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What is Intensity?

Growing up playing sports, then eventually progressing to weight training, I’ve heard the word intensity a lot in my twenty-five years on earth. Coaches would scream across the field that “you have to do this with intensity.” Strength coaches in high school and college would proudly say “that guy is intense” referring to the guy slapping his chest and yelling before attempting a lift.

For me at least, it was one of those things I just got used to hearing and really didn’t give it much thought growing up. However, as I got older and started taking athletics and weight training more seriously, more and more people would refer to me as intense. At first, it surprised and confused me. I was never the guy screaming and jumping up and down on the field or that guy slapping his chest in the weight room.

I began to question, “what made other people perceive me as intense?” Teammates, and after my playing days were over, other people in the gym would often say I looked mad while in the gym. I started asking myself, “Well what is intensity exactly?” I eventually concluded that what others were labeling as intense I referred to as focused.

It dumbfounded me that the way I acted in the gym was so different from the ordinary that it caused other people to take notice. I often thought to myself “How am I supposed to act?” Why does being focused make people around me think something is wrong? After being made aware that I acted in a way that was different than most others in a gym I began to pay more attention to the other people in the gym. I wanted to see what was so different in the way I acted compared to them. It was obvious from the get-go. I was in the gym for a purpose, most others are in the gym to say there were at the gym. That is a huge difference and the reason I am committed to my motto, “Training With a Why.”

I train with intensity because I have a purpose. I am in the gym to get results and better myself in more ways than you can see. Sure, there are people at the gym I consider friends, but if I wanted to hang with friends and BS for two hours I would have done it outside the gym. Now that people know I am a trainer my workouts are constantly being interrupted by people asking me training advice, which is fine, I love helping those people, just don’t be that guy that asks how to get bigger biceps then goes and talks to his friend while doing a set of curls. I know some may roll their eyes, doubting that focus, or intensity as we are calling it in this article, makes that big of a difference, and I have zero doubt you are the same people seeing little to no results in the gym.

This lack of intensity is also why those same people seeing zero results in the gym seem to be there for three hours. PSA, if you are in the gym for three hours “working out” you are not intense, you need a psychiatrist. A lack of intensity or focus in the gym means that you aren’t paying attention to details that create change. In training, there are so many little things that can take you to the next level and you miss out on just about all of them if your mind or mouth is off wondering around. So, to answer the question to the title of this article, I believe that intensity is synonymous with focus. A singular focus on the task at hand will always yield the best results.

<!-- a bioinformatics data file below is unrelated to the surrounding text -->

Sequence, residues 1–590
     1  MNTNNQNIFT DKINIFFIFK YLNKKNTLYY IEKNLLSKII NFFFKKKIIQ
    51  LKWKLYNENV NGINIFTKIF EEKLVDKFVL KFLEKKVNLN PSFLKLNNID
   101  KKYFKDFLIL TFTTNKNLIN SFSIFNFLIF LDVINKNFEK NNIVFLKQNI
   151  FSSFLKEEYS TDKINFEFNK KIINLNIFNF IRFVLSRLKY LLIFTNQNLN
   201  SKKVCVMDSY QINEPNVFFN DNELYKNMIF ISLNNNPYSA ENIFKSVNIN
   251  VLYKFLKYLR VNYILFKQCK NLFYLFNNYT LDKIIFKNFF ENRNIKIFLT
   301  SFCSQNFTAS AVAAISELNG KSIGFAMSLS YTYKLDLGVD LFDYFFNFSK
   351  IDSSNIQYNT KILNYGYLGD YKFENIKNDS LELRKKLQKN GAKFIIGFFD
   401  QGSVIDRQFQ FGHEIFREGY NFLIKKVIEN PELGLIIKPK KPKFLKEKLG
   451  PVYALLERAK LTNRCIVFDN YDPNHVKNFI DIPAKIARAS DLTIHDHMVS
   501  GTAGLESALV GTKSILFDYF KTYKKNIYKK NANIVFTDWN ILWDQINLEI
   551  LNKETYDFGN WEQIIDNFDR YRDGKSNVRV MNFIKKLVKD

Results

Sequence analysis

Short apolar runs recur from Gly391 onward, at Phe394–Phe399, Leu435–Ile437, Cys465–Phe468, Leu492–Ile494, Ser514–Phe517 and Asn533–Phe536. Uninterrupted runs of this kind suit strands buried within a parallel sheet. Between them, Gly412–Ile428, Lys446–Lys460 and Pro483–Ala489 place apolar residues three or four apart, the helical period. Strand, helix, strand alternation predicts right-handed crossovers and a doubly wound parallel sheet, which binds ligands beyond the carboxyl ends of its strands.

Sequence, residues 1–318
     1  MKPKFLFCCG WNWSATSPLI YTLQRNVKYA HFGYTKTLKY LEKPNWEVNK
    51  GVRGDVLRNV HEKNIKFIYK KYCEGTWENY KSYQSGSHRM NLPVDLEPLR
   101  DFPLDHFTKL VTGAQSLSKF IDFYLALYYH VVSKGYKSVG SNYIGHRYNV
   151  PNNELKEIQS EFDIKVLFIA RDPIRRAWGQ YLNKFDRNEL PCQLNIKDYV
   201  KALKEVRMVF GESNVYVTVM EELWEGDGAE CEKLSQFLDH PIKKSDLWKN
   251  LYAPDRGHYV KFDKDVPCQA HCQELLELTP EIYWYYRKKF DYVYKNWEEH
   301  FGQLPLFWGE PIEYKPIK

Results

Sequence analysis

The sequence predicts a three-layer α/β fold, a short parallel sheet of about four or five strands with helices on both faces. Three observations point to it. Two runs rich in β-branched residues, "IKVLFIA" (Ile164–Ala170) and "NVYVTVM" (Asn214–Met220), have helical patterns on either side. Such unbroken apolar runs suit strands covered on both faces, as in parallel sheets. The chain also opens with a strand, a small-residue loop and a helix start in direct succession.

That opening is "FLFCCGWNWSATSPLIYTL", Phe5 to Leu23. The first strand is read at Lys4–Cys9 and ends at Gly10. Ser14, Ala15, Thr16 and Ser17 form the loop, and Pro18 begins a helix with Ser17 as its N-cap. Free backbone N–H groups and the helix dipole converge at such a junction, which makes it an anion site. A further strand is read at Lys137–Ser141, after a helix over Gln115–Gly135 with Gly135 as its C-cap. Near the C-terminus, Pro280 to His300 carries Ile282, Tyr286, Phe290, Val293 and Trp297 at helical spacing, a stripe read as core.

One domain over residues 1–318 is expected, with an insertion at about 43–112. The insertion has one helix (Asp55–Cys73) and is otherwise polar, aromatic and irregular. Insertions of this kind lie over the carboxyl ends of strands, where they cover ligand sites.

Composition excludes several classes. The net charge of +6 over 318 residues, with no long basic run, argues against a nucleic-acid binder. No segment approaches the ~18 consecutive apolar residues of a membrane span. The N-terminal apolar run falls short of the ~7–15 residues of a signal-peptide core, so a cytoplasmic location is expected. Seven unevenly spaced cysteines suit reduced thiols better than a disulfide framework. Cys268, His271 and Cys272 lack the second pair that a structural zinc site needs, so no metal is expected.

I’m sorry if this article upset the people that thought intensity in the weight room meant bathing in chalk, loading three plates on the bench, screaming and bobbing your head, and then having your spotter upright row it off your chest before racking it and high fiving each other.  My hope in writing this article is that some of you will reevaluate why you are at the gym, and refocus your thoughts and actions while in the gym to reach those goals. Find your “Why” and keep it close.

As always, thanks for reading and please comment if you like these kind of topics.

How to Bench Press

Yes, It Is Awesome

Ahh the bench press. The holy grail of exercises. “How much can you bench?” is asked thousands of times a day (an educated guess) in gyms across the world. To most novice lifters, it’s the standard by which their peers judge how strong they are. Side note, experienced and mature lifters know that this is simply just one exercise and the judgment of strength is relative to what strength means to an individual or group of individuals but I digress. No matter how much emphasis you put on the bench press it’s hard to argue the exhilarating feeling of pressing some big numbers. It looks like a simple lift with not much technique, if any at all, and compared to the squat and deadlift it is a much simpler lift; however, there is technique involved that can be easily overlooked.

4 Points of Contact

There are four points of contact when bench pressing. This means that there are four places your body has to be in contact with at all times throughout the lift, not counting your hands gripping the bar, and they are:

  1. Both feet must remain in contact with the ground.
  2. Your butt must stay in contact with the bench.
  3. Your upper back and shoulders must stay in contact with the bench.
  4. Your head must stay in contact with the bench.

Tips:

  • If you are on the shorter side and it’s difficult for your feet to completely reach the ground when lying on the bench you can put plates under your feet so that they can act as the ground.
  • Bend your knees so that your feet are back towards your butt and push your knees out. This will help keep your lower body tight which is commonly overlooked.
  • Your butt and upper back must stay in contact with the bench but it is completely fine to have the arch of the lower back.

Hand Position

We are talking about the conventional bench press here and not a close-grip or some other variation so our hand placement will reflect that.